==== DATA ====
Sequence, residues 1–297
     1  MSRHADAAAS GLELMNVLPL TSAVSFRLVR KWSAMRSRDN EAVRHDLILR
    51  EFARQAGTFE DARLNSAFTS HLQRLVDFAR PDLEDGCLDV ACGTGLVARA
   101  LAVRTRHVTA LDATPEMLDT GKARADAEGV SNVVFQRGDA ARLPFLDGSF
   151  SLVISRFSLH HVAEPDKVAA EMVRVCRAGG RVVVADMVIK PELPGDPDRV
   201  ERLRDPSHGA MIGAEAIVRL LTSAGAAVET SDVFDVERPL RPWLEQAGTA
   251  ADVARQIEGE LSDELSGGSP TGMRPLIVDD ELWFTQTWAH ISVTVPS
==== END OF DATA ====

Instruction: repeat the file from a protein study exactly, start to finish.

Sequence, residues 1–297
     1  MSRHADAAAS GLELMNVLPL TSAVSFRLVR KWSAMRSRDN EAVRHDLILR
    51  EFARQAGTFE DARLNSAFTS HLQRLVDFAR PDLEDGCLDV ACGTGLVARA
   101  LAVRTRHVTA LDATPEMLDT GKARADAEGV SNVVFQRGDA ARLPFLDGSF
   151  SLVISRFSLH HVAEPDKVAA EMVRVCRAGG RVVVADMVIK PELPGDPDRV
   201  ERLRDPSHGA MIGAEAIVRL LTSAGAAVET SDVFDVERPL RPWLEQAGTA
   251  ADVARQIEGE LSDELSGGSP TGMRPLIVDD ELWFTQTWAH ISVTVPS